The idea was to try as much as possible, to see how the watercolors ink “react” between them, with or without water added, with or without wetting the paper before.
I always ask the students to take their time when they work on a project (and 2 sessions of 45 mn is not very long). But the students of course do not work at the same pace, so for those who finished their project before the end of the second session there was more paper available (square Rives paper, as much as needed) to make individual leaves if they wanted to.
Not all the projects are shown in the gallery in this post, as there were lots of them.
2 x 45mn sessions
black oil pastel
12×18″ Watercolor paper
and more paper!
One session – one hour.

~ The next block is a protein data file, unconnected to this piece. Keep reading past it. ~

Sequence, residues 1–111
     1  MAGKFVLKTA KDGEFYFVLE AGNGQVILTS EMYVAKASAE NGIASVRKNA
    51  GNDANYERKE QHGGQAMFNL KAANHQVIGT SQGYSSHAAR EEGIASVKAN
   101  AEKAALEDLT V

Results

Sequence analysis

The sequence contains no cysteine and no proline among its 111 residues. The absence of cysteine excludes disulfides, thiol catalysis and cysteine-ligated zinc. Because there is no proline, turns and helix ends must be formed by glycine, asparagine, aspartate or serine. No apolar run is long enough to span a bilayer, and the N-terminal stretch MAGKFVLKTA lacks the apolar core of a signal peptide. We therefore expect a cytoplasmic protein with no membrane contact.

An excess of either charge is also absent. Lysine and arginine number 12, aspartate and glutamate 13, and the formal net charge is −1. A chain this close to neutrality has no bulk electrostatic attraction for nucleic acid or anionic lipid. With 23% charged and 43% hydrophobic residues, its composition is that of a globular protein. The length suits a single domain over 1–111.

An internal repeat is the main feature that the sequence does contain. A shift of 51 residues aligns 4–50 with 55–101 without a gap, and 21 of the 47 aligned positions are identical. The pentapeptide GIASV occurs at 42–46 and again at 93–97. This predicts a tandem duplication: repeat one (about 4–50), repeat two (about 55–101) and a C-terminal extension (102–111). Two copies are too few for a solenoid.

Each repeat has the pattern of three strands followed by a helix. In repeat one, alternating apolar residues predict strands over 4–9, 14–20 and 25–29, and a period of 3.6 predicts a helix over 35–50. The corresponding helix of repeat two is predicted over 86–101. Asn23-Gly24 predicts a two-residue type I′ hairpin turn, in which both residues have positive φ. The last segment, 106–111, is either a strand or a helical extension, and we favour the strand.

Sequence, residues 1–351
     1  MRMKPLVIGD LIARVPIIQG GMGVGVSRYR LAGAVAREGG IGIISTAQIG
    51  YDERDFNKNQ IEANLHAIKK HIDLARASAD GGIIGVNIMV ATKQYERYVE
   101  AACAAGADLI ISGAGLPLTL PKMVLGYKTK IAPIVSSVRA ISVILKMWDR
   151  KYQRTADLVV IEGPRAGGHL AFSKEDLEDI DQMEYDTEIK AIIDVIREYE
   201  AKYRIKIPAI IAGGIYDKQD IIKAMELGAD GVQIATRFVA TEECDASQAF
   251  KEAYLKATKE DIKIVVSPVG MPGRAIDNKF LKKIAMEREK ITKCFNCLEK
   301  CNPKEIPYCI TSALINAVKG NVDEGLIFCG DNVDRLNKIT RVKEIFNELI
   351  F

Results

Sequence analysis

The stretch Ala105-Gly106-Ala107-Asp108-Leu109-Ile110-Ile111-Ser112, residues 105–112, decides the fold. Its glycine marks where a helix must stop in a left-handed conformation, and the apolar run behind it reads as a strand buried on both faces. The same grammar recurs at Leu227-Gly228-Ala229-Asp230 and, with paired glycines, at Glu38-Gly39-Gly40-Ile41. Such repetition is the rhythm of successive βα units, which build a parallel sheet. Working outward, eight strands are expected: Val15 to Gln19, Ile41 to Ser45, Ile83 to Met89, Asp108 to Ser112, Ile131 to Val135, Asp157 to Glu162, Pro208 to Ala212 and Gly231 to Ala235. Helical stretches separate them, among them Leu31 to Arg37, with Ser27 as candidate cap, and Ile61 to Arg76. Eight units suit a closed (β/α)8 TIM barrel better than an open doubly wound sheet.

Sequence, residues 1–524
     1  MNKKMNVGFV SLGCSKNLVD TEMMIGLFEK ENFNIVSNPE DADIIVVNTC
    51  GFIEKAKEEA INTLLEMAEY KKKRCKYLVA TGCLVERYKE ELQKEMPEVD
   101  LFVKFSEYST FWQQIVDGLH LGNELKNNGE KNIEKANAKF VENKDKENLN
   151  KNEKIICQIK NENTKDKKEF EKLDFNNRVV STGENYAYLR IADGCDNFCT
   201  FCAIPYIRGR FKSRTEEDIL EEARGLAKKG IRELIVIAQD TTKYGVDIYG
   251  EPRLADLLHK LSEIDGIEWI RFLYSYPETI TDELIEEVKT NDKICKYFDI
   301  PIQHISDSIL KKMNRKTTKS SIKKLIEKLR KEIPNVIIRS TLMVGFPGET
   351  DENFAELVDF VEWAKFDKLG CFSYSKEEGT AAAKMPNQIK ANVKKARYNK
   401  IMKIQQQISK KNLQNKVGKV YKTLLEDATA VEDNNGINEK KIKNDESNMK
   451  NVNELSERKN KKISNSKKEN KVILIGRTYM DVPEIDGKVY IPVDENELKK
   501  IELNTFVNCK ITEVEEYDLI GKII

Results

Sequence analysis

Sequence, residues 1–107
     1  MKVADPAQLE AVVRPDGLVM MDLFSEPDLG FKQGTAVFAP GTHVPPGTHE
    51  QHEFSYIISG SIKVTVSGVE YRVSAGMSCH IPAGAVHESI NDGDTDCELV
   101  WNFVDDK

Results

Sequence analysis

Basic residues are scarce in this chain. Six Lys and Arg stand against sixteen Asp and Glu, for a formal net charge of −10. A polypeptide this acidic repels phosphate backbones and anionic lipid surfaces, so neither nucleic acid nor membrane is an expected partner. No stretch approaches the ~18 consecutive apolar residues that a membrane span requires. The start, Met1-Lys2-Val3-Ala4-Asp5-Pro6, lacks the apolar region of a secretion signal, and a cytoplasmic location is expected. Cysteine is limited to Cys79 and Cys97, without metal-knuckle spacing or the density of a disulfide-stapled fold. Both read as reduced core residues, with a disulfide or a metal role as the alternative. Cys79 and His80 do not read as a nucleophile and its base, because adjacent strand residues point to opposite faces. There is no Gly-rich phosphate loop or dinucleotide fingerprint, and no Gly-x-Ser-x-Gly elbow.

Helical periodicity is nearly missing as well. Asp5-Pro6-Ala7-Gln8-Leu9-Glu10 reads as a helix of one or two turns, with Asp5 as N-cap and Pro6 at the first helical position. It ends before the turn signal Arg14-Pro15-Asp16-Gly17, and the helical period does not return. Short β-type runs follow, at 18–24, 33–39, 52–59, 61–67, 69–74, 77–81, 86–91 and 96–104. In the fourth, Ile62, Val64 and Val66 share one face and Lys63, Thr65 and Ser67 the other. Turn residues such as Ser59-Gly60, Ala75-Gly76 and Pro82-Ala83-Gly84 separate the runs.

Material per student:
– One large tree leaf , collected in the Fall and dried in a phone book for a few weeks!
– One sheet of colored paper (Fall tone or else).
– 2B Pencil, 4B pencil, eraser, scissors, glue stick.
Take a few minutes to look closely at the leaf and its special shape.This step looks like easy, it is in fact one of the most difficult for the students: taking the time to look.
Trace the contour of the leaf with the pencil on the colored paper (by looking at the leaf, not going around the leaf with the pencil).
Cut along the line, trying to get one piece for the leaf, one piece for the rest.
Glue the leaf on either page, the negative space on the opposite page.
Glue the leaf on the following double page.
Draw the leaf on the opposite page with a 4B pencil. This time, help yourself by tracing the nerves of the leaf first and then the contour of the leaf. See the difference with the first contour made on the colored paper.